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US homicides and violent crime overall are down significantly, according to FBI data

Northeastern criminologist James Alan Fox says U.S. murders have been on the decrease for three decades — and Americans are generally not aware of the trend.

Two police officers stand outside at night near yellow crime tape while a police cruiser's red and blue lights flash in the distance.
Homicides have decreased by more than 25% in the U.S., the FBI reports. Photo by Michael Ho Wai Lee / SOPA Images/Sipa USA)(Sipa via AP Images

The U.S. is experiencing a significant decline nationally in homicides, according to FBI data.

Murder rates are also falling in many large cities, including Boston, which saw the largest drop of any major U.S. city in the first three months of 2024. 

As of June 10, Boston police reported four homicides in the city this year, compared to 18 at the same time one year ago.

The descending numbers are not an aberration, says Northeastern University criminologist James Alan Fox, who notes that U.S. murders have been on the decrease for three decades. And yet Americans are generally not aware of the trend, he says.

“National Gun Violence Awareness Month [currently ongoing] is an appropriate time for the public to become aware of the improvement,” says Fox, who has been studying murder for four decades. “But the word isn’t getting out.”

Homicides throughout the U.S. decreased by 26.4% overall in the first quarter of 2024, according to the FBI data, which was released on June 10. Violent crimes overall — including rapes, aggravated assaults and robberies — dropped by more than 15% in that span.

Fox says the murder rate in Boston is lower than most major U.S. cities for several reasons, including:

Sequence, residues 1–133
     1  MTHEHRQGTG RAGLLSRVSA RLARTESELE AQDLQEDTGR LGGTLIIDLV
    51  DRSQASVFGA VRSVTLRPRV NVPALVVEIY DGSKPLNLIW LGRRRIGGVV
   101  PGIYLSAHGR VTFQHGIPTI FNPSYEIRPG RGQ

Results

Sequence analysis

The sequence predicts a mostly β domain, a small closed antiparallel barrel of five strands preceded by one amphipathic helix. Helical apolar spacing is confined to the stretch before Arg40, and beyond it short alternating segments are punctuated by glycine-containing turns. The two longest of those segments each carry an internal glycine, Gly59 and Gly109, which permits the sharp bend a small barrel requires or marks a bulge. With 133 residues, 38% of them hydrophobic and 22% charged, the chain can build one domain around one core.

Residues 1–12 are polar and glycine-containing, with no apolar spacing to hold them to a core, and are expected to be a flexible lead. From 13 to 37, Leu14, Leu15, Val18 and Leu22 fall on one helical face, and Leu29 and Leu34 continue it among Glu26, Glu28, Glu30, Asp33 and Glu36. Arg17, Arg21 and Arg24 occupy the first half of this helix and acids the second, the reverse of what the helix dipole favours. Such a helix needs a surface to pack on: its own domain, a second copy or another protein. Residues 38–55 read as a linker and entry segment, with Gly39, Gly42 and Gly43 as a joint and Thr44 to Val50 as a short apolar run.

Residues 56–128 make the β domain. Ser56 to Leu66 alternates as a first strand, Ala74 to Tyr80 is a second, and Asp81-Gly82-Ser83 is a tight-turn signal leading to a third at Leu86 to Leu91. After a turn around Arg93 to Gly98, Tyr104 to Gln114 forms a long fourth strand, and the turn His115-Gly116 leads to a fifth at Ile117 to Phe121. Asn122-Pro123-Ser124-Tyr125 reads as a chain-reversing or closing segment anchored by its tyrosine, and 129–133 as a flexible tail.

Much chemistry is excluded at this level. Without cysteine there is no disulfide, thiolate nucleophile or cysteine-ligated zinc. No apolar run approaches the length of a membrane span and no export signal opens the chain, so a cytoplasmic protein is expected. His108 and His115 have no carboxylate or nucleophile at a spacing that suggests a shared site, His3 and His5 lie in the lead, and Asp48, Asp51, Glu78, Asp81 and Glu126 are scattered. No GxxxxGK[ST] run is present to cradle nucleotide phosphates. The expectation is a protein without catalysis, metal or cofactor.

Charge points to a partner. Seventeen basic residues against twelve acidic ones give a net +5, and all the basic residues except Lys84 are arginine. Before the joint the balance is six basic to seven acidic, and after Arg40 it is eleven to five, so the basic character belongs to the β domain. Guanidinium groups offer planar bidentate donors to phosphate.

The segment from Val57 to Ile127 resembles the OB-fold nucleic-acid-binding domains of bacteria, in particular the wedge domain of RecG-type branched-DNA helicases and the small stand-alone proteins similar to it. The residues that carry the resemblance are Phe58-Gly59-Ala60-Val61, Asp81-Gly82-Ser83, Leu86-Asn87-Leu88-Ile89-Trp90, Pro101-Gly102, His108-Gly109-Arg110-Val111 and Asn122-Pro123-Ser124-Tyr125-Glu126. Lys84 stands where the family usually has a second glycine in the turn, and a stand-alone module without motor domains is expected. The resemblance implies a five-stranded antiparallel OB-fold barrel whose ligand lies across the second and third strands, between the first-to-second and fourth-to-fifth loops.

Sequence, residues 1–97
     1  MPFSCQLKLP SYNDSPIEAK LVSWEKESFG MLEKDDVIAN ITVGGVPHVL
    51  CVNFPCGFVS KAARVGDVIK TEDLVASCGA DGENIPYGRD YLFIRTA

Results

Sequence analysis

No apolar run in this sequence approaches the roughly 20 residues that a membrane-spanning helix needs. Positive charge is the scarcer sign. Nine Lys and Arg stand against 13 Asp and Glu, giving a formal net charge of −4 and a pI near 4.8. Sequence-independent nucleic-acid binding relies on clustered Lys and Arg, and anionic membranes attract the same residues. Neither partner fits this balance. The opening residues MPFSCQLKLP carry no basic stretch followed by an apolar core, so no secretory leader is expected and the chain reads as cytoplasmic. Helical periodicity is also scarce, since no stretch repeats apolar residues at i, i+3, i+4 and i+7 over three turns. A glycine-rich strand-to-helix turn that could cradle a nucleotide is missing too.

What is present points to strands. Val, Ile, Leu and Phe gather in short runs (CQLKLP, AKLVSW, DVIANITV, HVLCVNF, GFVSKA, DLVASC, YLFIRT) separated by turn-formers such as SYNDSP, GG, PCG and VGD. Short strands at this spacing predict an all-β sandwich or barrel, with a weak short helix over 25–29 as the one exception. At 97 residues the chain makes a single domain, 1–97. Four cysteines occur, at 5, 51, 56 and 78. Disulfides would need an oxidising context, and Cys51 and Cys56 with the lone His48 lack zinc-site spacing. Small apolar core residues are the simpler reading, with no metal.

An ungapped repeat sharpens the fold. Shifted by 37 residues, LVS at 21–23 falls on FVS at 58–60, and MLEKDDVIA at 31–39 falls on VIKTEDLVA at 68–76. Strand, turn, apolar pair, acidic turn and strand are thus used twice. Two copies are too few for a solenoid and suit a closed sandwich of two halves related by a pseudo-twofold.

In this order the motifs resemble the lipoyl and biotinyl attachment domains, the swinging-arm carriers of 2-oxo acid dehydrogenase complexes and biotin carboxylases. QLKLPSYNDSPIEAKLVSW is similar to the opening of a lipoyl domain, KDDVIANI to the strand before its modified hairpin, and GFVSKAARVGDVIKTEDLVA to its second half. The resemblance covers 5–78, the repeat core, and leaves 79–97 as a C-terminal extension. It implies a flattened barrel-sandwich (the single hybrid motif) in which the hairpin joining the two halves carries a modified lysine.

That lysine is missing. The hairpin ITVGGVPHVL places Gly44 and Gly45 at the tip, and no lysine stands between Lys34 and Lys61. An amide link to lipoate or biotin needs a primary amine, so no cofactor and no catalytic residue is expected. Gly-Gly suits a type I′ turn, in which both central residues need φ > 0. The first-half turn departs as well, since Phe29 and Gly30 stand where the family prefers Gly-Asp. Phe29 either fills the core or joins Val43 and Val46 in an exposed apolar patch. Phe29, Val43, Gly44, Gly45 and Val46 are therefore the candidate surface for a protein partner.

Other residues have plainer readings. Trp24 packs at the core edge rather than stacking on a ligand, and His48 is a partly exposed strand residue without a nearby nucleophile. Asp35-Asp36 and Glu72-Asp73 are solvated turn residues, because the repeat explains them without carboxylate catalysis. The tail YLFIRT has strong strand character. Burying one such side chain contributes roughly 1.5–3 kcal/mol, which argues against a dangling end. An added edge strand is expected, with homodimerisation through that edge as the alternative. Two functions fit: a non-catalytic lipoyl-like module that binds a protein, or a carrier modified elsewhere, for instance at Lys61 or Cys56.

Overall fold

Headshot of James Alan Fox.
James Alan Fox has been studying murder for four decades. Photo by Matthew Modoono/Northeastern University

“It’s also true that Massachusetts has the highest percentage of well-educated people in the country,” adds Fox, the Lipman Family Professor of Criminology, Law and Public Policy at Northeastern. “Educated people have been found to be less likely to commit homicide.”Jacob Stowell, a Northeastern associate professor of criminology and criminal justice, also credits Boston Mayor Michelle Wu for emphasizing crime reduction.

“There has been a lot more community involvement — a lot more stakeholders and folks at the table who should have been at the table for a long time,” Stowell says. “When you see big reductions like this, it’s the result of a confluence of factors, any one of which would be beneficial, which are operating in concert.”

Those factors are emerging in neighboring cities, Stowell adds.

“Nationally, the Northeast is outpacing all of the other regions in the reduction,” Stowell says. “So there is definitely something involved here that’s not just Boston-related but may be Northeast-driven.”

Fox and Stowell anticipate the murder rate will climb this summer as temperatures rise and young people are let out of school. Even so, both experts anticipate Boston homicides will show a decline overall this year from the historic low of 37 murders committed in 2023.

“We’re averaging far fewer murders in Boston than in the early 1990s, when there were 152 in one year,” Fox says.

U.S. crime promises to be a significant issue in the November presidential election. A Gallup poll in November found that 63% of Americans describe the crime problem in the U.S. as either extremely or very serious, up from 54% when last measured in 2021.

Fox says murder rate increases tend to receive more media coverage than the current decreases are earning.

“You know the saying, ‘no news is good news?’” Fox says. “It turns out that good news is no news. And bad news is big news.”